Another day older, and deeper in debt… Or so the song goes, but is that realistic?
Man, loading 16 tons of coal in a day sounds like a lot of work… But is it as much work as it seems?
Fortunately, physics gives us a way to calculate the amount of work done. In this case, we will assume that the only work done is to lift the coal against the force of gravity. As the direction of motion is parallel to the direction of the force, the formula for work done is simple:
Work = Force x Distance
Where the force is the weight of the coal. So we have 16 tons, and let’s assume that you have to lift the coal to about waist height, or about 3 feet.
Now, the units here can get a little bit messy, but let me introduce you to a very useful tool in this case: Google. Google has a calculator that will also take care of all your units, and convert them to whatever units you want at the end of the calculation. So we simply type in:
16 tons * 3 feet *9.8 m/s^2
(About the extra factor of 9.8 m/s^2: Google apparently treats pounds and tons as units of mass rather than units of force. This is a somewhat subtle distinction: if you move a certain object from the earth to the moon, its mass will not change, but the gravitational force will change, as the acceleration due to gravity will change. In order to take care of this, we insert the factor of the gravitational acceleration while close to earth.)
This gives us a result of about 130 kilojoules. Okay, but what does this mean? Let’s just ask google to convert this to calories. This gives us over 31,000 calories. That sounds like a lot, but we must remember that the “calorie” used by dieticians is actually 1,000 regular calories. So this means we burn the equivalent of 31 dietary calories in lifting the coal.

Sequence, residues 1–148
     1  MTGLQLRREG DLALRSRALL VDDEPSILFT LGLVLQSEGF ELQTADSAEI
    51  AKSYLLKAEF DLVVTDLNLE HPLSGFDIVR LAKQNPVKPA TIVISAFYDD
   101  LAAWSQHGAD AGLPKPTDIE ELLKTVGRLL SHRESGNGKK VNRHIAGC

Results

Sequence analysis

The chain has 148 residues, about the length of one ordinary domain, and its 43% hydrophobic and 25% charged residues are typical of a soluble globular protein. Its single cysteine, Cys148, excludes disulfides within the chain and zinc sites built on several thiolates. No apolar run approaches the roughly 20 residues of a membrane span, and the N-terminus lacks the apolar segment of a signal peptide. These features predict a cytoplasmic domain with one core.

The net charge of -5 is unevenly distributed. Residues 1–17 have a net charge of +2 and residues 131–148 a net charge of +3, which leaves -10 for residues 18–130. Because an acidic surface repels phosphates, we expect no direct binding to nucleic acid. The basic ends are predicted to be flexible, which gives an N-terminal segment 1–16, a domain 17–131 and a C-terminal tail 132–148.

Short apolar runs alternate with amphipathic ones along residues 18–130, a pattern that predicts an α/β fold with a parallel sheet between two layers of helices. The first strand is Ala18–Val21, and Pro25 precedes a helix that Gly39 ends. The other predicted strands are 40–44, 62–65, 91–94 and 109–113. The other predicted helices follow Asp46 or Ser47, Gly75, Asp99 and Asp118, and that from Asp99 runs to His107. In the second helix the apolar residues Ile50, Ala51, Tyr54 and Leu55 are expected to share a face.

So this means we only need to eat a granola bar, and then we have enough energy to lift 16 tons of coal all day? Well, not really. The energy expended by a human is much more complicated than this. There is the basal metabolic rate, or what you burn when you do absolutely nothing else, and the energy needed to contract the muscle fibers, etc.
Hmmm… that doesn’t seem to help much. Let’s look at the power expended. Power is the work done per unit time. If we assume 16 tons is shoveled during an 8 hour shift, turning to Google again, we find that we produce about 4.5 watts. This is less than a tenth of a horsepower. I know as a rule of thumb that a human is good for about a third of a horsepower. This implies that lifting 16 tons would be a trivial amount of work, which doesn’t seem likely.
This is one of those cases where we apply some basic physics to an everyday situation, but it doesn’t seem to help us much. But it does point out another valuable tool in the physicist’s arsenal: common sense. It’s amazing how much this can help, and on the flip side, how rarely beginning physics students use this tool. They crank through the calculations and then pronounce that the Mississippi River is 2 inches long, or that an ant runs 200 miles an hour, or something else that they would never say if they thought about it for a second or two.
So all this tells us is that we’re missing something crucial. Maybe instead of doing more physics, it might be better to ask an old coal miner. Anybody know one?